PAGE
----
Gathering Grace

In the midst of planning, many mothers can caught up with looking at every program out there, and then extend into looking at  almost every homeschool philosophy out there. Have you ever felt like that?

It can be the same way with parenting:  such division and derision: the “mommy wars”, the strife over feeding methods, discipline methods, so many  decisions to make, so many times of wondering.  “Am I doing the right thing?  Am I going down the right path?”

Being a mother, being a parent, can be so hard.

There is a lot of talk in homeschooling circles about the formative years of birth through seven being about training the will or creating good habits.  Yet, this passage speaks of the balance to me:

In the spiritual education of children, our first concern is not to train their wills, but to attract grace – by our life and prayer – to their environment, and to let each child’s heart become attached to grace. Theological discussion with children is a very small proportion of Christian education. Prayer that God will touch them with grace is a permanent dimension of all our dealings with children, even when they are not with us.

Protopresbyter George Metallinos, recalling the holy Elder Porphyrios: ‘He told me that I must deal with one of my children by praying a lot more. He specifically said to me about that child, “Whatever you would say to that child […], say it to God. Kneel before God and through the grace of God, your words will be conveyed to your child.” About my other child, he said to me: “[…] He listens, but he easily forgets. Therefore, again you will kneel and you will ask for God’s grace, so that your fatherly words will fall upon good soil and will be able to bear fruit.”**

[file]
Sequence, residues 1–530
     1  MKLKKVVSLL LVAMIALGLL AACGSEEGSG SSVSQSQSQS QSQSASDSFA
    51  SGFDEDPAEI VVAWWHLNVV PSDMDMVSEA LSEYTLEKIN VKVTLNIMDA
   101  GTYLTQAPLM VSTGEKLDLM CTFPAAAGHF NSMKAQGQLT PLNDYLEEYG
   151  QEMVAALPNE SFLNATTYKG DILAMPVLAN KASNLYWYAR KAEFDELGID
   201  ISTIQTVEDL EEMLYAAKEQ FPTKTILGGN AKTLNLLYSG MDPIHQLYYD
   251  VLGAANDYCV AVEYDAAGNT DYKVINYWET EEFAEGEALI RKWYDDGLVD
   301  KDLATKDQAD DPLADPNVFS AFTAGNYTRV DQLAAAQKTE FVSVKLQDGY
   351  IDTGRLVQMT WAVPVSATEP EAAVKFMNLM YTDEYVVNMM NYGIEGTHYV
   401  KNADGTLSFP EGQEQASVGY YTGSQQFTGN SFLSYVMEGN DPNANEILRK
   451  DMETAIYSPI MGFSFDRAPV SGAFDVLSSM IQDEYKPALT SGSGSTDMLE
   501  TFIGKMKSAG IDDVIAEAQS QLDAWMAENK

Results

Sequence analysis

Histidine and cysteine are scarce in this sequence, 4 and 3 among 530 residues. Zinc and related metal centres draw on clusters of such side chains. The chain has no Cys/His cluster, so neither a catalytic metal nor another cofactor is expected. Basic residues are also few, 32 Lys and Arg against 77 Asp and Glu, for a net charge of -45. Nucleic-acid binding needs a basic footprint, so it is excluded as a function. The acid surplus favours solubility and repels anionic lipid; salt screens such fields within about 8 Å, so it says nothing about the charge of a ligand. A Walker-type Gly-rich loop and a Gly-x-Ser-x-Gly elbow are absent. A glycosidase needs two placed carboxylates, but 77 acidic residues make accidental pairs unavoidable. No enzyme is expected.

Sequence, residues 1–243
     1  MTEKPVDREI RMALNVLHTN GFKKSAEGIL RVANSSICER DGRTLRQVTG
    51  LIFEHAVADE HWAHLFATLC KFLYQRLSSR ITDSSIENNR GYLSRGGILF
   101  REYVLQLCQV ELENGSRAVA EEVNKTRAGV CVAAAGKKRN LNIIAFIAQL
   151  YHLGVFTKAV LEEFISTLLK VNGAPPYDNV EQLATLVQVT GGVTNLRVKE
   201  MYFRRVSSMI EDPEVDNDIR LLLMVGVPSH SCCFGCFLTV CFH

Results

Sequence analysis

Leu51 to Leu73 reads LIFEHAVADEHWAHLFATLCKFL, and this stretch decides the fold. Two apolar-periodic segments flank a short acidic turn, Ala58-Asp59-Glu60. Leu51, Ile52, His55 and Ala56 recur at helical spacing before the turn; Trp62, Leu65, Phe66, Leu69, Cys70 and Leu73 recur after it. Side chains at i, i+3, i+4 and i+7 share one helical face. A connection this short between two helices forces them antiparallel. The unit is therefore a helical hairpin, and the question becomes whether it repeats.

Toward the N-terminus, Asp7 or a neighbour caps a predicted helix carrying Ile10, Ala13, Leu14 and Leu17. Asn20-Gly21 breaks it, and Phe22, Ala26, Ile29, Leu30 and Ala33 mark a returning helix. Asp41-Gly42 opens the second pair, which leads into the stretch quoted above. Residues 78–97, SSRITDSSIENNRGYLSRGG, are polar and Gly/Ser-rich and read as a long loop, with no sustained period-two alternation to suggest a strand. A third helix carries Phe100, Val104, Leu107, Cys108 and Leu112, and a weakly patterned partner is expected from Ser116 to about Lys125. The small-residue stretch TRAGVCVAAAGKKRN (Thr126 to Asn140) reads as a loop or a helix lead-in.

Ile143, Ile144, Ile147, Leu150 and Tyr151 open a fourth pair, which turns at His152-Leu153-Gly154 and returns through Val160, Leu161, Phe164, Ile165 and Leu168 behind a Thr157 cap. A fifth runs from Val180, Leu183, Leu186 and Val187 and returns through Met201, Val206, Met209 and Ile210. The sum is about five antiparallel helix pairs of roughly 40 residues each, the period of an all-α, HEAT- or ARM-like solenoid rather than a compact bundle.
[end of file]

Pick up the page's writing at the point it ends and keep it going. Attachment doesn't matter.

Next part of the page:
*Fr. Theokletos Dionysiatis, “Between Heaven and Earth [in Greek], (Athens, 1955), p. 130.


So, if the Early Years has another dimension outside of training wills, forming habits for the body and within the home, I believe it resides in gathering grace for our children.

We can do this through having a strong prayer life.  There are so many things where we will not know we are “doing the right thing” until our child is an adult.  Prayer is a lifeline.

We can get lost amidst the myriad of decisions, and  we can pray that we do not lose sight of the big picture of things we want to impart to our children before they are out on their own.  We can pray for that, and we can pray to have grace when we and our children make mistakes.

The base of all of this is to have peace in our hearts, and to show this to our children in an outward way that they can see through our actions. May they see us praying, reading and studying the Bible, participating in the life of the Church Year.

May we also gather grace by having meekness and quietness in how we speak to others; we must show them love and kindness.  This is the outward manifestation of peace in our hearts.

May we gather grace by living joyfully  in simplicity and in a strong rhythm.

Let us never forget that humility, meekness, serving others, joy and peacefulness are what lies underneath all the parenting and homeschooling decisions.

Many blessings as you decide things today,